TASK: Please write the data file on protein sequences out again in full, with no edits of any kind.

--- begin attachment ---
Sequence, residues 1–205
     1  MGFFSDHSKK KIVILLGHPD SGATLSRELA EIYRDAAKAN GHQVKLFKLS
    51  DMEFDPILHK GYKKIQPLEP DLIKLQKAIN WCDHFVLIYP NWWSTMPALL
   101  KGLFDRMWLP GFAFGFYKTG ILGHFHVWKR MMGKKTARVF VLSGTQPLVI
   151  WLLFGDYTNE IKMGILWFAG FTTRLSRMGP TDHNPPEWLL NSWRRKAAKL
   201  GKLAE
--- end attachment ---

Sequence, residues 1–205
     1  MGFFSDHSKK KIVILLGHPD SGATLSRELA EIYRDAAKAN GHQVKLFKLS
    51  DMEFDPILHK GYKKIQPLEP DLIKLQKAIN WCDHFVLIYP NWWSTMPALL
   101  KGLFDRMWLP GFAFGFYKTG ILGHFHVWKR MMGKKTARVF VLSGTQPLVI
   151  WLLFGDYTNE IKMGILWFAG FTTRLSRMGP TDHNPPEWLL NSWRRKAAKL
   201  GKLAE